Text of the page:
High price: high involvement products usually have a high price. It goes hand-in-hand with the perceived risk, as buying expensive products puts yourself at a higher risk of a bad buy. Going on a cruise might be a child’s play for a rich person, but an average person will have to save up some money to go on an expensive journey.

Differentiation: differentiation is crucial for high involvement products. Product features are essential in high involvement products so that consumers can differentiate your product from those of the competitors.

Brand recall: with high involvement products, you have a much higher chance of beating your competition, when consumers can recall your brand.

Customer perceived risk: high price and high expectations lead to high perceived risk. 

Available Information: you can find much more information about high involvement products online. Also, many people know a lot about high involvement products like cars while they don’t know so much about low involvement products like napkins.

After-sales service: excellent after-sales service leads to customer satisfaction, which again leads to a higher likelihood of purchase. If there is no way of fixing a product, you won’t buy it.


Consumer Involvement in Marketing

The level of consumer involvement is a very decisive factor to classify consumer buying decisions.

Marketing strategy varies according to the level of involvement of consumers.

Here are some implications for the Management of Involvement.

What is the best strategy to market High Involvement Products?

Compared to low Involvement products, consumers have a much longer process of decision making for high involvement products before buying a product.

The best way to market High Involvement Products is by giving consumers all the information they need to make a purchase decision in favor of your brand.

This information should differentiate your brand from competitors and include:

  • the benefits when using your product and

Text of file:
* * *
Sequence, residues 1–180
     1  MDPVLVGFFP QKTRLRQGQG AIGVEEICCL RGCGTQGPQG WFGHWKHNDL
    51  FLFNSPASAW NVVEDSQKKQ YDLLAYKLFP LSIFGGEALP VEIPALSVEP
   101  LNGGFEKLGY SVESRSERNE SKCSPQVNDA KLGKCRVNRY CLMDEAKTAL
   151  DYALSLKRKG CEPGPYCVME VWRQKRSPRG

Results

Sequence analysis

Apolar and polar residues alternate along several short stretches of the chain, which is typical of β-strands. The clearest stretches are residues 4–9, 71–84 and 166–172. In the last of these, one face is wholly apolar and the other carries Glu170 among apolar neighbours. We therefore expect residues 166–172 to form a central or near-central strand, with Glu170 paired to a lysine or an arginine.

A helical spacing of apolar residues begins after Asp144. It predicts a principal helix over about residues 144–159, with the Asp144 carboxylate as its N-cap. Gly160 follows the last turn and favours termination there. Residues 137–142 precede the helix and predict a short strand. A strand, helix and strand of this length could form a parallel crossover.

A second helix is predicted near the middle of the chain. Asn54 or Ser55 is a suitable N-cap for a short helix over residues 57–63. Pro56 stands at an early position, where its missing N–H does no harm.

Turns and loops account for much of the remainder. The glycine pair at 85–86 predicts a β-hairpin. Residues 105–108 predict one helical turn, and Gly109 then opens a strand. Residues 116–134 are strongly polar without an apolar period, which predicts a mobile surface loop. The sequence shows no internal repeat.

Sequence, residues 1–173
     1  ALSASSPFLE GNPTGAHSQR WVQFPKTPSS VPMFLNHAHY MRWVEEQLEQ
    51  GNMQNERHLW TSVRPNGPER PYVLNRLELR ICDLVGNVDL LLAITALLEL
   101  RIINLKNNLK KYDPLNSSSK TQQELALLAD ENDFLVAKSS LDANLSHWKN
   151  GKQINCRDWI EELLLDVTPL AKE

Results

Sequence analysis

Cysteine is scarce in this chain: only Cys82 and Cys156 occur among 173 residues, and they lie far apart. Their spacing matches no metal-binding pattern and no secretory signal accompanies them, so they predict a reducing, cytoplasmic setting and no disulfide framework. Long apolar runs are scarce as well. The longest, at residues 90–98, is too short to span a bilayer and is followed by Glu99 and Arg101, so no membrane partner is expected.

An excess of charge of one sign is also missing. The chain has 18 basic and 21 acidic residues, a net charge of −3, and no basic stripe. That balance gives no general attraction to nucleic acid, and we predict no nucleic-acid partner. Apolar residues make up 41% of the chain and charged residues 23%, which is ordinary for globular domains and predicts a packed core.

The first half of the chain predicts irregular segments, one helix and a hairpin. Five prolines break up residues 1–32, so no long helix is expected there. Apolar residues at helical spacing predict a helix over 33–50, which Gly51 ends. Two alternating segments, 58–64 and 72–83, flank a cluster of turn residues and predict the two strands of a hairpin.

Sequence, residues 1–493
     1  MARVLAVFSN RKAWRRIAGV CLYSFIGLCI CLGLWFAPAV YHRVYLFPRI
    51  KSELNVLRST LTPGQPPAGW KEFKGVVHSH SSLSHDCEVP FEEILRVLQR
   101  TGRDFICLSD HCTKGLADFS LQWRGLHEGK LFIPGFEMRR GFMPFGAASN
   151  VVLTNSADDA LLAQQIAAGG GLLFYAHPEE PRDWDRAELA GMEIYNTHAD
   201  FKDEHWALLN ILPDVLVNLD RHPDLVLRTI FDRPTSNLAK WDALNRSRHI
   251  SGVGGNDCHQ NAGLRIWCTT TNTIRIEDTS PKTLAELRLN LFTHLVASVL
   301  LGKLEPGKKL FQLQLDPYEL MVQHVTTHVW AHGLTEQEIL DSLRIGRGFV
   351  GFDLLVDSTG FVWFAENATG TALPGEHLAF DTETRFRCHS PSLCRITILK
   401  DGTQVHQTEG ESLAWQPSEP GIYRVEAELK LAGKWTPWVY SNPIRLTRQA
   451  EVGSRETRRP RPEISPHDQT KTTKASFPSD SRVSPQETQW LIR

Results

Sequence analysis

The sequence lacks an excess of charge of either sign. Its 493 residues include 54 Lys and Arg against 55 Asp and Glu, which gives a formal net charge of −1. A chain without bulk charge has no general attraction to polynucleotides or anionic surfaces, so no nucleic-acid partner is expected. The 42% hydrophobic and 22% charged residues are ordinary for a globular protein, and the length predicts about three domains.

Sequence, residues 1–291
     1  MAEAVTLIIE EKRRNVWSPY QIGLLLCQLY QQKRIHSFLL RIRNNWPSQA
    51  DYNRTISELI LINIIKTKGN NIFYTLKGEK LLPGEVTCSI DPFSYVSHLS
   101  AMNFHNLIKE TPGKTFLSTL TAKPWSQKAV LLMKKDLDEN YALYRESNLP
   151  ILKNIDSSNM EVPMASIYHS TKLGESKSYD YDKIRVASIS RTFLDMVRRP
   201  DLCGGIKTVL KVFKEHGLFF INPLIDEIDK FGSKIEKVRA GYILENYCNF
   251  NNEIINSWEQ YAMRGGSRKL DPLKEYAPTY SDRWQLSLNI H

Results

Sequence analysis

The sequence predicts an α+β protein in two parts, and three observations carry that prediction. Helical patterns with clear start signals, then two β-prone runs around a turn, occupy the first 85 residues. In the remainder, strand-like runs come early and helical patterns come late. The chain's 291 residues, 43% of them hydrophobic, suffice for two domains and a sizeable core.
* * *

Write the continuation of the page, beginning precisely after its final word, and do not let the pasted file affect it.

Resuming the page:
• the advantages of owning your product.

Consumers must be able to understand the purpose of your business within fractions of a second.

A high amount of perceived risk also characterizes high involvement purchases.

To sell your product in the best way possible, you should aim for reducing that perceived risk as much as possible.

A strong brand is an efficient way of doing that.

What is the best strategy to market Low Involvement Products?

Consumers of Low Involvement Products may not know what product they want themselves until they are in the store.

To increase sales, you can use in-store-promotion like in-store-displays or eye-catching packaging.

Price promotions like price discounts or coupons also work well.

However, you can also use more clever pricing strategies like the magic of the middle, price threshold effects, price anchor effects, or assortment effects.

All of them emerge from consumers trying to simplify their buying decisions.

You can also try to link your product to a higher-involvement issue like Coca-Cola was able to connect its brand to happiness, togetherness, and harmony.

Example: How Coca-Cola made consumers high involved in a Low Involvement Product

Within the product category of soft drinks, consumers buying decision is primarily based on impulse.

Impulse buying is a typical characteristic of low involvement products so that we can consider soft drinks as a low involvement category.

Since its introduction, Coca-Cola has been a genius product within this product category.

It’s made from a syrup that:

  • is easy to transport,
  • can be highly concentrated, 
  • is resistant to temperature and
  • can be stored for a long time.

Furthermore, the syrup is cheap to produce, allowing high margins. As a consequence, Coca-Cola has high marketing budgets to reinforce its top-of-mind position.

They were able to create such strong preferences among consumers, that they would even choose a different kind of beverage if Coca-Cola weren’t available.

That gives Coca-Cola a key competitive advantage in this low-involvement category, which has made the brand the number one drink in the world.



So far, you should have a pretty good understanding of what involvement is.

You also know how to use it to market your brand.

In case there was still something left out, here are some of the most common questions.

What is Medium Involvement?

While there is no clear definition of Medium Involvement, it’s somewhere in between Low Involvement and High Involvement.

What makes a purchase high involvement: the product or the brand?

Consumer Involvement is defined by a product category, rather than a specific brand.

A product becomes a high involvement purchase based on the risk of possibly losing money or time (you spend for/with it).

That’s why a car is a classic example of a High Involvement purchase: you spend a lot of money on it, and you spend much time with it after buying it.

If you don’t like the car after buying it, you didn’t only pay a lot of money for it. You also have to drive it for a while.